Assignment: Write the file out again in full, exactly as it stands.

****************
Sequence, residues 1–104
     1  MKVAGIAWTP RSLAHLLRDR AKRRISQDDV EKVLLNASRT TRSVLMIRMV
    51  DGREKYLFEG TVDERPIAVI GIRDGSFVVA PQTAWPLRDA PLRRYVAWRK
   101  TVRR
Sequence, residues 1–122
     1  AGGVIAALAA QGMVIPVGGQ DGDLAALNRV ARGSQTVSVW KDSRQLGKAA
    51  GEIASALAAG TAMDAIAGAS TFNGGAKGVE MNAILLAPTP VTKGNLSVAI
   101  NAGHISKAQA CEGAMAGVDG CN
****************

Sequence, residues 1–104
     1  MKVAGIAWTP RSLAHLLRDR AKRRISQDDV EKVLLNASRT TRSVLMIRMV
    51  DGREKYLFEG TVDERPIAVI GIRDGSFVVA PQTAWPLRDA PLRRYVAWRK
   101  TVRR
Sequence, residues 1–122
     1  AGGVIAALAA QGMVIPVGGQ DGDLAALNRV ARGSQTVSVW KDSRQLGKAA
    51  GEIASALAAG TAMDAIAGAS TFNGGAKGVE MNAILLAPTP VTKGNLSVAI
   101  NAGHISKAQA CEGAMAGVDG CN